Key workplace considerations during Ramadan
The NHS has a diverse workforce. Line managers, supervisors and colleagues should be aware of key advice relating to Muslim staff that may be observing fasting during the month of Ramadan. The NHS Muslim Network and the British Islamic Medical Association (BIMA) would like to share some top tips with you for supporting NHS staff and colleagues throughout the month of Ramadan.
Advice for line managers and supervisors
- Do not make assumptions about who in your team may be observing Ramadan – Islam is a faith that welcomes people of all races and backgrounds.
- Observing Ramadan may not be noticeable so make it easy for your team members to let you know if they are fasting.
- If you manage a member of staff who will be observing Ramadan, ensure that you have some one-to-one time to discuss any workplace adjustments that can be considered.
- Fasting can affect people in different ways (for example, some people may understandably become a little quieter or slightly tired at times, even though most staff have fed back that their productivity increased after the first few days).
- Dignity and respect from managers and colleagues is helpful and expected. Be aware that fasting colleagues will not even be drinking any fluid (including water) and they may therefore feel less energetic and even less inclined to join in office conversations on occasions – don’t take it personally and ensure communication can be made in other ways where possible.
- Workplace adjustments should not impact negatively on patient care. Managers and their staff can discuss and consider options such as occasional working from home where appropriate to the role and individual circumstances, core hour working where time can be made up in lieu, and provision for paid and unpaid leave where viable. When Ramadan falls in the summer months it can be particularly challenging, as the days are longer.
- If members of the team observing Ramadan feel comfortable doing so, encourage them to give short presentations and encourage normal discussions about Ramadan and how the team can best support them.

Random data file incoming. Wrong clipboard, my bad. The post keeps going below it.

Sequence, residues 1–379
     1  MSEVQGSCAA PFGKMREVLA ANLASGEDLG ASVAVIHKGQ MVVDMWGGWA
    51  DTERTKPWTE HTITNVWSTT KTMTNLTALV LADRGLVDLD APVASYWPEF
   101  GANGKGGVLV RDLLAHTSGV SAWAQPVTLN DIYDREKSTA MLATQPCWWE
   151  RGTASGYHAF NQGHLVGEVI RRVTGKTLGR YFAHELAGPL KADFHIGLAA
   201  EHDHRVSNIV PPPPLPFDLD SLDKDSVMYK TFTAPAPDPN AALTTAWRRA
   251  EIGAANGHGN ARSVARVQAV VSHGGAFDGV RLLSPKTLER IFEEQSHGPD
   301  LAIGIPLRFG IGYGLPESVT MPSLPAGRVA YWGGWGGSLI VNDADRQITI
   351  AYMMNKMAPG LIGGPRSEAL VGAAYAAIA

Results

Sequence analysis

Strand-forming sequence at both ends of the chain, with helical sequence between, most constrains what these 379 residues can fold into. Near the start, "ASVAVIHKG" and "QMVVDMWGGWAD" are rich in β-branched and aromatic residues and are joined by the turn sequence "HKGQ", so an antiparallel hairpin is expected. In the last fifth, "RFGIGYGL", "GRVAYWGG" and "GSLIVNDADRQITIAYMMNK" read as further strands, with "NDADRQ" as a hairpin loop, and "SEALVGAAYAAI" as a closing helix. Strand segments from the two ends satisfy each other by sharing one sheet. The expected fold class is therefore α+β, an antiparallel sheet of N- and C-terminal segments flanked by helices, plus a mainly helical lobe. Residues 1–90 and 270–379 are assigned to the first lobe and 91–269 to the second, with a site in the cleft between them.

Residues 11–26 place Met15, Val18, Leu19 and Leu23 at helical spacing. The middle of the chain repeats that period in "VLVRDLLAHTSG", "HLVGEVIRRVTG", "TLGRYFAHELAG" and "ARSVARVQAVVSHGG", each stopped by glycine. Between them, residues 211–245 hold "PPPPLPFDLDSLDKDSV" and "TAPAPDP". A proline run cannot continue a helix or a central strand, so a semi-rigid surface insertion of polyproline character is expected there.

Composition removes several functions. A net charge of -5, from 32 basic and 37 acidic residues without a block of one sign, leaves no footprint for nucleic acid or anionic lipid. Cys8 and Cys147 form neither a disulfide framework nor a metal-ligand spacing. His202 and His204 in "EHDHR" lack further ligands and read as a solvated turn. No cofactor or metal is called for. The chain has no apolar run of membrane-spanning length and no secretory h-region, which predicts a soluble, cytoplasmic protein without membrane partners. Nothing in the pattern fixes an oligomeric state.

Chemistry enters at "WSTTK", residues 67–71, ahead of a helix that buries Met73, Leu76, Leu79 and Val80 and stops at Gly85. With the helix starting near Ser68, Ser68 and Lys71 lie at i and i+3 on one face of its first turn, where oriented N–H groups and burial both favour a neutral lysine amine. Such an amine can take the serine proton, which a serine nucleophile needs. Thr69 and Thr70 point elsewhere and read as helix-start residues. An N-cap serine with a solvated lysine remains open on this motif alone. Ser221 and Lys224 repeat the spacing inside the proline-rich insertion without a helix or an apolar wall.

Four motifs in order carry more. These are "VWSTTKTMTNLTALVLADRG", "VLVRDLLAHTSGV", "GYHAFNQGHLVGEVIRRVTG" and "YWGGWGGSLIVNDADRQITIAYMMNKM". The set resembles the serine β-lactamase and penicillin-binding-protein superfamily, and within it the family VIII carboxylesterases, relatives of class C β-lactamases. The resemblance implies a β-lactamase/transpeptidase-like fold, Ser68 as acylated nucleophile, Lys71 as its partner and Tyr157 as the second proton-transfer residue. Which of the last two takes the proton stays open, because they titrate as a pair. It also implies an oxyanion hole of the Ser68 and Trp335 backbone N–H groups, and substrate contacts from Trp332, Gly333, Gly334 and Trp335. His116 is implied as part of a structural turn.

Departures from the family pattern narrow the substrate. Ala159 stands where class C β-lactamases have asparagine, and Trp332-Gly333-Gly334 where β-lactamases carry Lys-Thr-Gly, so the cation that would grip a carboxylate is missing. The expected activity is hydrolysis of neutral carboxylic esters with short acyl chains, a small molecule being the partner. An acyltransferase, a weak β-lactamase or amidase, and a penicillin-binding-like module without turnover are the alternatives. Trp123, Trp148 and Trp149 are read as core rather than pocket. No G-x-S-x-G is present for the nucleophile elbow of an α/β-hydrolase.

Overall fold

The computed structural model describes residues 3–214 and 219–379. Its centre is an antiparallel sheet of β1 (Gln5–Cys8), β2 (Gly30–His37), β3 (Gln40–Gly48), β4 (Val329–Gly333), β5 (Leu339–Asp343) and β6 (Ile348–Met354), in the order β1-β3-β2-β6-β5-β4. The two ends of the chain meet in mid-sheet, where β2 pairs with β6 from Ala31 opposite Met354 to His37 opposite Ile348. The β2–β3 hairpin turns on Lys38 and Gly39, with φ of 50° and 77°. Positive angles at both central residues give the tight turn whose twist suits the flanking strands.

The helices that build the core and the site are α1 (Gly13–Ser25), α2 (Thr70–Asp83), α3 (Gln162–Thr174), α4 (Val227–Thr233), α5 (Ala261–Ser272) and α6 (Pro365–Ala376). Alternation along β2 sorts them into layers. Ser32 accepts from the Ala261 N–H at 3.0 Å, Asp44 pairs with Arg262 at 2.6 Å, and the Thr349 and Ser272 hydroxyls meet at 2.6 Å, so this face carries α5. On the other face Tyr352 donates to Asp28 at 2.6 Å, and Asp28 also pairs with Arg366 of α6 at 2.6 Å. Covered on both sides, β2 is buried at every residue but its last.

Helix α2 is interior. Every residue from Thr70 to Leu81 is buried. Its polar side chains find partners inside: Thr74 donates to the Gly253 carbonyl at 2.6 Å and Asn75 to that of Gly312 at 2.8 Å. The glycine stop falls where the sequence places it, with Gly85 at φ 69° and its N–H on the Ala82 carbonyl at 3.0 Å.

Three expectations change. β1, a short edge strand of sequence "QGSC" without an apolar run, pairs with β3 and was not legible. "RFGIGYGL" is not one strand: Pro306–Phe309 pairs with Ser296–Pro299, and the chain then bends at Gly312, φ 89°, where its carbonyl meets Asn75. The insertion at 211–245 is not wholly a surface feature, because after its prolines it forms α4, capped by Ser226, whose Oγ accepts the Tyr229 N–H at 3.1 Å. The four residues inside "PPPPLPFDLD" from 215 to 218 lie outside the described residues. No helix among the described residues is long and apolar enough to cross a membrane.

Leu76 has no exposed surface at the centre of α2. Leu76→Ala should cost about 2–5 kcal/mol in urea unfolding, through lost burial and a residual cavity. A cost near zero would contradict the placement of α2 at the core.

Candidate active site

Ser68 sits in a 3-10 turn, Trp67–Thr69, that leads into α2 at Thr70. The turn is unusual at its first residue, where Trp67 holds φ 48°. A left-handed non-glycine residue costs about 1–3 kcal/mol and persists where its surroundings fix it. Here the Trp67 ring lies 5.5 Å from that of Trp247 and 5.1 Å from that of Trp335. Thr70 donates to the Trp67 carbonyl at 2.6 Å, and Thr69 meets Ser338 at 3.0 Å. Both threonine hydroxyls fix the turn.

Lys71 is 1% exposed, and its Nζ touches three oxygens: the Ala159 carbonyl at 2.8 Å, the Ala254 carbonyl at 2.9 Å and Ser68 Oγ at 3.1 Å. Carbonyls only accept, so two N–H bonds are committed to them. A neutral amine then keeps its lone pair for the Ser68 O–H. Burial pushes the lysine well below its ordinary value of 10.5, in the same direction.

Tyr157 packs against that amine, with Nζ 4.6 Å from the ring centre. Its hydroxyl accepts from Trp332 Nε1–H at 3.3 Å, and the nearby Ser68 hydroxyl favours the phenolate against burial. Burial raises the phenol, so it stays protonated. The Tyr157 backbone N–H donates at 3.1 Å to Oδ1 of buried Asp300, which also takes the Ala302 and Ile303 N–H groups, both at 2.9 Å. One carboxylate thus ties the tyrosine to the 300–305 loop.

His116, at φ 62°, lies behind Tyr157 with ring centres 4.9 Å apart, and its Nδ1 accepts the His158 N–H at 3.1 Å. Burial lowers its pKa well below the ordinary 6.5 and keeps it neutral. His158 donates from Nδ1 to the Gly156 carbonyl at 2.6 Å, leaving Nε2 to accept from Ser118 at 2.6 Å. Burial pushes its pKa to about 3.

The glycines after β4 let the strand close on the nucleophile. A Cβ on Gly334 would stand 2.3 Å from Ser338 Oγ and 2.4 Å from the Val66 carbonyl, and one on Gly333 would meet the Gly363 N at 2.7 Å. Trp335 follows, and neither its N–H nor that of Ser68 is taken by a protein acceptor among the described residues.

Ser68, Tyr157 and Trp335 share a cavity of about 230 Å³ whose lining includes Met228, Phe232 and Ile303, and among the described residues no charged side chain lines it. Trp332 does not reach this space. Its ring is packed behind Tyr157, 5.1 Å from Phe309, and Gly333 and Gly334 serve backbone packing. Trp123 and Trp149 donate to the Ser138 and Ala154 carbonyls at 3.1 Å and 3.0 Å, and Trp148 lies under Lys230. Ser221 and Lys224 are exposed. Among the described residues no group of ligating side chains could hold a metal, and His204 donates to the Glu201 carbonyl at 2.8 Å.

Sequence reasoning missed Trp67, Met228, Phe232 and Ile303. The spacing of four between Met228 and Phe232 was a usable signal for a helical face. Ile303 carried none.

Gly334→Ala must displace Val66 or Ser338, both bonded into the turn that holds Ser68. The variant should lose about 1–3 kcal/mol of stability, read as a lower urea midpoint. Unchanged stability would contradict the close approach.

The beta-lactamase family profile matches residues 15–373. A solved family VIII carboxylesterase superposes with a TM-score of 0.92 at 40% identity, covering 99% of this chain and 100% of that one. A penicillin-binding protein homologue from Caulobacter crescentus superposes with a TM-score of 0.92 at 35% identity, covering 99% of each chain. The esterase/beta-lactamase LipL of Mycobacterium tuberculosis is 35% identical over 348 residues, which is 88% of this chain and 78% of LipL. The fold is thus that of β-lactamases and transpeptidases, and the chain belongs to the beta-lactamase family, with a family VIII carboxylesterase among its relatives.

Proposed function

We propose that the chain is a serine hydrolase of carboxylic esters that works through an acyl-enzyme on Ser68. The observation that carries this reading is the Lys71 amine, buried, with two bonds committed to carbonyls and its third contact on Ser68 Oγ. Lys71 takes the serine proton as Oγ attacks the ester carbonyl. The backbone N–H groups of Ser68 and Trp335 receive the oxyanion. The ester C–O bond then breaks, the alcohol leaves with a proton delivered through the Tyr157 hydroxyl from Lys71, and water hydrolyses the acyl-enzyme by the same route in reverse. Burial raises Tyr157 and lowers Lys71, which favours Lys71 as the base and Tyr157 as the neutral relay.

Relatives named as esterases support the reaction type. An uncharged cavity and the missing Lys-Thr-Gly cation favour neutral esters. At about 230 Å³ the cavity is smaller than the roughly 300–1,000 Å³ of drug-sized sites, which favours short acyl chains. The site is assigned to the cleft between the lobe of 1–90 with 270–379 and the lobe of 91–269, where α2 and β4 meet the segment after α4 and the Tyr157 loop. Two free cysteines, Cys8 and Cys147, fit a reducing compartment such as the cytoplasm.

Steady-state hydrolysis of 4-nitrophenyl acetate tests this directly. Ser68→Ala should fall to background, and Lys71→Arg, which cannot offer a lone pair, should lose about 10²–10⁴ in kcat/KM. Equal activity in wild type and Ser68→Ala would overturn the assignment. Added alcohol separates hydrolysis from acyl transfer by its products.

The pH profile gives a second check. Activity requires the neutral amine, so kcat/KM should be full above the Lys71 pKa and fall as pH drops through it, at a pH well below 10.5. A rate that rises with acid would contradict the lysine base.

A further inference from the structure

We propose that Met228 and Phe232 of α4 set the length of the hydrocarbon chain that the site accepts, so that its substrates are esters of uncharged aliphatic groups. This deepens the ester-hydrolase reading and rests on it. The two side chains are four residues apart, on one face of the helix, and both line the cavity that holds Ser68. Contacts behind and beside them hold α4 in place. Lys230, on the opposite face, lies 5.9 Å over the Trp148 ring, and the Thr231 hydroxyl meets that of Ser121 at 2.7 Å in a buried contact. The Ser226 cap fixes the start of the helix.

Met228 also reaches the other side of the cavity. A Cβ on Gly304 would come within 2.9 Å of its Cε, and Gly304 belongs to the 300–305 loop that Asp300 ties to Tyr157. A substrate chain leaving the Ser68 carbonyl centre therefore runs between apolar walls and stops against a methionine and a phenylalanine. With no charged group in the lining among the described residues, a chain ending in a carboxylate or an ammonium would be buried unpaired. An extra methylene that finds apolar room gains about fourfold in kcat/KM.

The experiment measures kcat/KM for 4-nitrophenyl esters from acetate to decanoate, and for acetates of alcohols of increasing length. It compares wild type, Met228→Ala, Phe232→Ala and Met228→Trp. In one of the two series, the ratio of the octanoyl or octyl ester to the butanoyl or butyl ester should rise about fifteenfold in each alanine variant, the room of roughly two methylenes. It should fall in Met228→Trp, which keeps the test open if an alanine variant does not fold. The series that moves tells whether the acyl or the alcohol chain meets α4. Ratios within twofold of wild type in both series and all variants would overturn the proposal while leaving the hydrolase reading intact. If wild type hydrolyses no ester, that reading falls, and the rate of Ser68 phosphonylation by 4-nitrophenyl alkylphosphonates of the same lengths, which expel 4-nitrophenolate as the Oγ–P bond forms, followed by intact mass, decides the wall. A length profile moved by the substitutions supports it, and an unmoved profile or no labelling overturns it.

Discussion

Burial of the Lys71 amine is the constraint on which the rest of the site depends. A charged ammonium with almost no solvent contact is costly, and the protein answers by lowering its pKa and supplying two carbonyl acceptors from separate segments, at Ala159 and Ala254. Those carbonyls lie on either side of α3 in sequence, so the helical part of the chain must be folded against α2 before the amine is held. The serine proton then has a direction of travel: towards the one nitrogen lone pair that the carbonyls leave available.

- Colleagues who are fasting will not expect others, who are not observing Ramadan to do the same, so please don’t feel anxious about making a cup of tea for the team or eating your lunch. However, please be sensitive by not continually offering them a piece of cake!
- You may find that some staff request up two weeks annual leave towards the end of Ramadan to help focus on and intensify their acts of worship. This should be treated as any other annual leave request, therefore managers using their judgment to ensure that negative impact on the team and patient care is mitigated against, but should try and accommodate as fully as possible.
- Please ensure staff have reasonable time during the day to complete prayers and an appropriate space is allocated for this purpose. With the additional pressure on staff due to COVID-19, staff may have to vary their times for daily prayers and, hence it is important that staff are provided with a permanent place for prayer.
- If the prayer room will be closed for cleaning or for some other reason please ensure that staff are given enough notice, and reasonable alternative facilities have been provided during the closure.
Advice for colleagues who are fasting
- Prior to the month of Ramadan, do let your manager know you will be fasting and discuss the impact it may have on your routine or habits. They can then support you by considering reasonable workplace adjustments. They will also be able to seek your guidance on and alert you to events where iftar meals may be served.
- Where you can, balance your workday. Try to organise your day so that rotas, meetings and conference calls happen, where possible, when you are at your most alert, ensuring that your colleague’s own requirements and patient care are also considered.
- Any annual leave requests should be discussed with your line manager well in advance and while booking, discuss how you can maintain minimal impact on patient care or team working.
- Try to ensure that you take your usual allocated breaks throughout the day, and where possible, get some fresh air at these times.
- Discuss with your manager how you can make provision for prayer times during the working day. With the current work pressure due to the COVID-19 outbreak, please
be considerate in terms of how much time you request to ensure patient care is not affected adversely.
- Drink lots of water throughout the period when you are not fasting to keep hydrated thereby avoiding headaches and tiredness.
- Staff who are not well (COVID-19 related or generally) or pregnant, please consider the concession provided by the religion whereby these groups are excused from fasting. Seek medical advice if you are unsure. The missed fasts can be made up at a later date in the year once you feel capable.